Readers can visit the web site of the Hunan Provincial Museum, the home of these archaeological treasures.(http://www.hnmuseum.com/hnmuseum/eng/whatson/exhibition/mwd.jsp?columnid=011178695b56402884831159777c0526&preid=010f36b1fa9a402881b70f369d460013)

Teachers can find a guide to use with their students.(http://www.christineliuperkins.com/wp-content/uploads/2014/07/CLP-10-Learning-Activities-for-AT-HOME-IN-HER-TOMB.pdf)

This is a useful book for classroom projects on China.

 

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Why Black Girls Should Become Ballerinas

Ballet is a form of dance that attracts few African Americans. Two African American ballerinas would like to change that and both of them wrote books.

FIREBIRD by Misty Copeland is really an essay in picture book form. The subtitle is Ballerina Misty Copeland shows a young girl how to dance like the firebird, character in a famous ballet.

Misty tells a potential ballerina of color what ballet means to her.

Sample: “you will soar become a swan, a beauty, a firebird for sure.”

One illustration in this book demonstrates the five positions of ballet.

Today Misty is a principal dancer for the American Ballet Theatre.

Ballerina Dreams: From Orphan to Dancer (Step Into Reading, Step 4)

BALLERINA DREAMS by Michaela and Elaine DePrince is a biography reader in the STEP INTO READING series.

Michaela DePrince is an orphan from Sierra Leone who was adopted by an American couple.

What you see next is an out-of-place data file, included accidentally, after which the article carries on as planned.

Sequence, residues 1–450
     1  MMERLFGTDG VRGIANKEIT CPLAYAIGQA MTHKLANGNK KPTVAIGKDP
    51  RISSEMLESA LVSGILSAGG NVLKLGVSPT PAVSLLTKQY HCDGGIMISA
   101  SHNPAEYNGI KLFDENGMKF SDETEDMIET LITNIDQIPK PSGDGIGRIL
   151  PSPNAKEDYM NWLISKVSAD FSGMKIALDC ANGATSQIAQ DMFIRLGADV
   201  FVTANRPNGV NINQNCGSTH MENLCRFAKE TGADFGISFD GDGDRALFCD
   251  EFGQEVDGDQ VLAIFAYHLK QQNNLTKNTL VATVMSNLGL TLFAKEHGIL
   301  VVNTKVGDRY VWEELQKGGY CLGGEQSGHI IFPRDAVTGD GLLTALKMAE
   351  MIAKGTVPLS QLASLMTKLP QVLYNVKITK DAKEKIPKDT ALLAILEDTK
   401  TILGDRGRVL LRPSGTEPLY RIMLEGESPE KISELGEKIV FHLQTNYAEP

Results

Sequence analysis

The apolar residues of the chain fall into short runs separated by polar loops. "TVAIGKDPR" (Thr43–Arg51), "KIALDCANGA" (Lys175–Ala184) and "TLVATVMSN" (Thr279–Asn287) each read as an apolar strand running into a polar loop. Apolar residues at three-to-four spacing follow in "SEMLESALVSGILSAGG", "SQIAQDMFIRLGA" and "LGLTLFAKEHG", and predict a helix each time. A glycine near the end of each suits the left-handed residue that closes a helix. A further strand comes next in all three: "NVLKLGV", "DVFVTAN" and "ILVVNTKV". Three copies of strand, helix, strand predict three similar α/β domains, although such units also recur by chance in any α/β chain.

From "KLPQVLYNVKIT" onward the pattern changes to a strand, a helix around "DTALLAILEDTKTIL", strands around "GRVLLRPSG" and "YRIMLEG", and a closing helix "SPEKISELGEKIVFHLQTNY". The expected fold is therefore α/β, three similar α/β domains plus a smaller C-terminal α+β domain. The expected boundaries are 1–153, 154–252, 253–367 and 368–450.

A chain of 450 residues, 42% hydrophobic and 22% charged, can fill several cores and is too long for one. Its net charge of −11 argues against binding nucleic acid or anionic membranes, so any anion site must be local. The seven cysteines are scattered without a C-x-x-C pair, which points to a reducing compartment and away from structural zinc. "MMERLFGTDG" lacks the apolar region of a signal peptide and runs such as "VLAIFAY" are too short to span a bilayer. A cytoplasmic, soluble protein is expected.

She told her new mother that she wanted to study ballet. Her mother bought her a video of the ballet The Nutcracker.

Michaela began her dance lessons. When she was eight years old she was able to audition for The Nutcracker. She won two roles in the ballet. Eventually she danced the role of The Sugar Plum Fairy, an important roll. She is now a professional ballerina.

Sample: “The music begins, and my heart beats fast with excitement. I fly on to the stage.”

This book gives definitions of ballet terms such as combinations: putting ballet steps together.

Activity

Write definitions for these ballet terms:

Firebird

The Nutcracker

Sugar Plum Fairy

Ballet barre

Port de bras

Tendu

Five positions

Plie

Combination

Grand jete

Pas de cat

En pointe

 

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Ode to Imagination

Featured image

MY PEN by Christopher Myers shows how his pen takes him on journeys. Christopher illustrates books and uses his imagination.

Sample: “My pen rides dinosaurs and hides an elephant in a teacup.”

Christopher wants you to use your pen and see what worlds will come out.

Activity:  Using crayons picture an imaginary world. It could be anywhere. On another planet. A country you just made up. Draw what people or animals might look like. Does it have lakes or oceans?

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Trombone Shorty

9781419714658 (1)

TROMBONE SHORTY by Troy Andrews is a picture book biography of his growing up in New Orleans and the importance of music in his life. One day he found a broken trombone.
Sample: “The next time the parade went by my house, I grabbed that trombone and headed out into the street. My brother James noticed me playing along and smiled proudly. ’Trombone Shorty!’ he called out, because the instrument was twice my size.”
Activity:
Make your own musical instrument like Trombone Shorty did.
He made a drum from a 12 pack soda box and used pencils for drumsticks. He used empty soda bottles as wind instruments.